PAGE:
# On the computation of π

On the computation of π

## 1 Asking the math library

My computer tells me that π is approximatively

from math import *pi
3.141592653589793

## 2 Buffon's needle

By the method of Buffon's needle we get the approximation

import numpy as np

N = 10000
np.random.seed(seed=42)

x = np.random.uniform(size=N, low=0, high=1)
theta = np.random.uniform(size=N, low=0, high=pi/2)

P = sum(x + np.sin(theta) > 1) / N
2/P

3.128911138923655

## 3 Using Monte Carlo experiments

A method that is easier to understand and does not make use of the $$\sin$$ function is based on the fact that if $$X \sim U(0,1)$$ and $$Y \sim U(0,1)$$, then $$P[X^2+Y^2 \leq 1] = \pi/4$$ (see "Monte Carlo method" on Wikipedia). The following code uses this approach:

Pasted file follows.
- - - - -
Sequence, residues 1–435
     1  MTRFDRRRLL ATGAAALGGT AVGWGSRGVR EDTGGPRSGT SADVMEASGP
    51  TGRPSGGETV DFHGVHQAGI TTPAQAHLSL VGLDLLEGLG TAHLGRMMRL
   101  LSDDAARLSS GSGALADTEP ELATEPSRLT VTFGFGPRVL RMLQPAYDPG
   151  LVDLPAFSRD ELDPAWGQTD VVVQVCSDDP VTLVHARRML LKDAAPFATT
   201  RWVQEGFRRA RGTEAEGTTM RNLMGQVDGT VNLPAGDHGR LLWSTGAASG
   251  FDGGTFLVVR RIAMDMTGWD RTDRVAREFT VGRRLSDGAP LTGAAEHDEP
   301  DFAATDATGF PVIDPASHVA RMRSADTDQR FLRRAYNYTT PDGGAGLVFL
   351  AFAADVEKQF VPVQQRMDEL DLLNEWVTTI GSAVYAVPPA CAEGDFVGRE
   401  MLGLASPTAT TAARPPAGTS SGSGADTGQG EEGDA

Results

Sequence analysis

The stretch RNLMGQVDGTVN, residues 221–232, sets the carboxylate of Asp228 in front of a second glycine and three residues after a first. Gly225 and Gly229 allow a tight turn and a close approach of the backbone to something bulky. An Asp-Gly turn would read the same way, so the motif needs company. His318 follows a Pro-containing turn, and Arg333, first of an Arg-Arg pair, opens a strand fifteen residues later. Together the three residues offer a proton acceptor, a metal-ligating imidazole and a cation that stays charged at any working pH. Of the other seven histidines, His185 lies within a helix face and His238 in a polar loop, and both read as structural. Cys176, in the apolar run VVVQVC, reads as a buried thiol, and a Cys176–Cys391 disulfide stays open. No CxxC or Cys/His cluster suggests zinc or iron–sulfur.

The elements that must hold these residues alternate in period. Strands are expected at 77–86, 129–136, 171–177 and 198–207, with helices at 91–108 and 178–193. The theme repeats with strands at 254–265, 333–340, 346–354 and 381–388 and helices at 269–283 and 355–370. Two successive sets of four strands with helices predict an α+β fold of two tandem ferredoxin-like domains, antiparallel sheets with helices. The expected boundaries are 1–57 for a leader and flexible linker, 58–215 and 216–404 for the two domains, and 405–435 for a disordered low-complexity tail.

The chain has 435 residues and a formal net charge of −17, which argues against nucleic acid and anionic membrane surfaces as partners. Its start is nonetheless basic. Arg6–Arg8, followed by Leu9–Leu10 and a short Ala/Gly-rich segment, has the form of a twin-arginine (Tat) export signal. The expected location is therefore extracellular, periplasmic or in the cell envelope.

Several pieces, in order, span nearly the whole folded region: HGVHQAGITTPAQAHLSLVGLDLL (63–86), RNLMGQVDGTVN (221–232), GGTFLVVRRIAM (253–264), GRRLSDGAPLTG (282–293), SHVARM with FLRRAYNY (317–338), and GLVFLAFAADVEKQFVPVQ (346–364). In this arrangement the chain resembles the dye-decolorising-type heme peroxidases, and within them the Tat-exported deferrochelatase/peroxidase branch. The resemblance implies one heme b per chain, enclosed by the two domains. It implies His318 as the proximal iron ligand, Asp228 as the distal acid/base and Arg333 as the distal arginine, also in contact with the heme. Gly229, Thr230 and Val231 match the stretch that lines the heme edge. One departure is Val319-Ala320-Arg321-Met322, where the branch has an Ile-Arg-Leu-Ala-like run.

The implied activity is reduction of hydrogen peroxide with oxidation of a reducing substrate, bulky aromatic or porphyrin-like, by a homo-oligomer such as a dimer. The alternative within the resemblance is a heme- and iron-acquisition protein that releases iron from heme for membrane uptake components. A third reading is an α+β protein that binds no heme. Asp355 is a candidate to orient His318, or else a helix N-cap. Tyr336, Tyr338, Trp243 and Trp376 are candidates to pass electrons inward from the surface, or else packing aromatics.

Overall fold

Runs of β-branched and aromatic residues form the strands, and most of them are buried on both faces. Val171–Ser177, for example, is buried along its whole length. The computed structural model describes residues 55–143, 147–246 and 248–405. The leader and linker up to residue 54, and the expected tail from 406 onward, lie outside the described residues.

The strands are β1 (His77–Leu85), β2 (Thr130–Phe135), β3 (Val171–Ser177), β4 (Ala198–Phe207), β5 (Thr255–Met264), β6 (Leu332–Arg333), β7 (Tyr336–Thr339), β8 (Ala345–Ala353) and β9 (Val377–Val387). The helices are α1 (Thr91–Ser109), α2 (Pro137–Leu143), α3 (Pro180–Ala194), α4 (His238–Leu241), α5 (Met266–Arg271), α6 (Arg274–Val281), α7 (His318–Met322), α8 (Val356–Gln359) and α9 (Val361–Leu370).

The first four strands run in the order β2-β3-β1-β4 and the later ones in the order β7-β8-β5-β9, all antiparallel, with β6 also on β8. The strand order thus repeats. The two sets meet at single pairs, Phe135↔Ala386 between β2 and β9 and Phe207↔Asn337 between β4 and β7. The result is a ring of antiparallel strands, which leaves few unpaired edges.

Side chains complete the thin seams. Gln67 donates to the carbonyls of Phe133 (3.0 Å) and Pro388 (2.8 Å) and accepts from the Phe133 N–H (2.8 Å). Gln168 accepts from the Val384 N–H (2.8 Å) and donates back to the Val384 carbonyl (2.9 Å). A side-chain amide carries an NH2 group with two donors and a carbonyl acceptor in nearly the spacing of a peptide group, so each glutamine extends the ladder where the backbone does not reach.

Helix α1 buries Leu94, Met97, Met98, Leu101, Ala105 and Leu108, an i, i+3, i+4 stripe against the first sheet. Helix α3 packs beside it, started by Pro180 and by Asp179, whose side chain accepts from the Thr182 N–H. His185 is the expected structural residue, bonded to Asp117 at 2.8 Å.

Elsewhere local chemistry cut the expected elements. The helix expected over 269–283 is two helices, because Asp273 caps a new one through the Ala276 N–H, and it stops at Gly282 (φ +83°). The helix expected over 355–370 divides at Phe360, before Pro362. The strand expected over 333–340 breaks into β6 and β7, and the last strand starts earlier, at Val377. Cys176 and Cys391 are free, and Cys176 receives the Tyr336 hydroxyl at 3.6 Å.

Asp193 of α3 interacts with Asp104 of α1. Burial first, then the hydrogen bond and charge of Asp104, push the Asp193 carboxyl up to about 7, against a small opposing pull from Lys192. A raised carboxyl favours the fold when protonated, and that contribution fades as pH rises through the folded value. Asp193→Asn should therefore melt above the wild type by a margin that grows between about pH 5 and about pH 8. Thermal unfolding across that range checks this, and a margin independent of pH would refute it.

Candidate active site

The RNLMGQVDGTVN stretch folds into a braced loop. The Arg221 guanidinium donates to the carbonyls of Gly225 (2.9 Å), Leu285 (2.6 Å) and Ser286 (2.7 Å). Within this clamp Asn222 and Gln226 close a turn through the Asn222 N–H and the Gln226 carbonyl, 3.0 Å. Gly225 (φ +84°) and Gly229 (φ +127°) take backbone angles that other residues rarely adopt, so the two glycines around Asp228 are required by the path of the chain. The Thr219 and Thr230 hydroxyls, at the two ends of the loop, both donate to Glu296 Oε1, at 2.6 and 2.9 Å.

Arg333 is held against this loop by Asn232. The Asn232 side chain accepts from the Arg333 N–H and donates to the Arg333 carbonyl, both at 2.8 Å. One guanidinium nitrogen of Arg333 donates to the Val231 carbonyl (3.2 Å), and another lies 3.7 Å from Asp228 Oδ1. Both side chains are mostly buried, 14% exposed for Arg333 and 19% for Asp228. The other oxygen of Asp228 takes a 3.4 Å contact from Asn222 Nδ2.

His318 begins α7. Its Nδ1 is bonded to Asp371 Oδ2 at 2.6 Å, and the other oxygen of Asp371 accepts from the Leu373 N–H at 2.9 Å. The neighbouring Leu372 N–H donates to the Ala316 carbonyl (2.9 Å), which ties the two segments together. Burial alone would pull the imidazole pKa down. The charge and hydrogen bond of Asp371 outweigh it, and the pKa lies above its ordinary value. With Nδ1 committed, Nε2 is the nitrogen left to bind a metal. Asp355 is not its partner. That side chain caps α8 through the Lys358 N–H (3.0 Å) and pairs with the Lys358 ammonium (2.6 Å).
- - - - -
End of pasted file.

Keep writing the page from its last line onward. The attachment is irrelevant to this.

import matplotlib.pyplot as plt

np.random.seed(seed=42)
x = np.random.uniform(size=N, low=0, high=1)
y = np.random.uniform(size=N, low=0, high=1)

inside = (x**2 + y**2) <= 1
outside = np.logical_not(inside)

fig, ax = plt.subplots(1)
ax.scatter(x[inside], y[inside], c='b', alpha=0.2, edgecolor=None)
ax.scatter(x[outside], y[outside], c='r', alpha=0.2, edgecolor=None)
ax.set_aspect('equal')

plt.savefig(matplot_lib_filename)
print(matplot_lib_filename) It is then straightforward to obtain an approximation to π by counting how many times, on average, $$X^2 + Y^2 \le 1$$:

4 * np.mean(inside)
3.1556

## 4 Through Wallis' product

John Wallis' product for π states that the infinite product below converges to $$\pi / 2$$. Check out the geometrical proof.

prod = 1
for i in range(2, N):
prod *= i / (i-1) if i % 2 == 0 else (i-1) / i

prod * 2

3.141435562175509

## 5 As the root of a function

As we know, $$sin(\pi) = 0$$, thus value for π can be found by approximating the root (one of them, that is) of $$sin(x)$$. This can be done using Newton's method, for instace.

from scipy.optimize import fsolve
results = fsolve(sin, x0=3)
results

3.141592653589793

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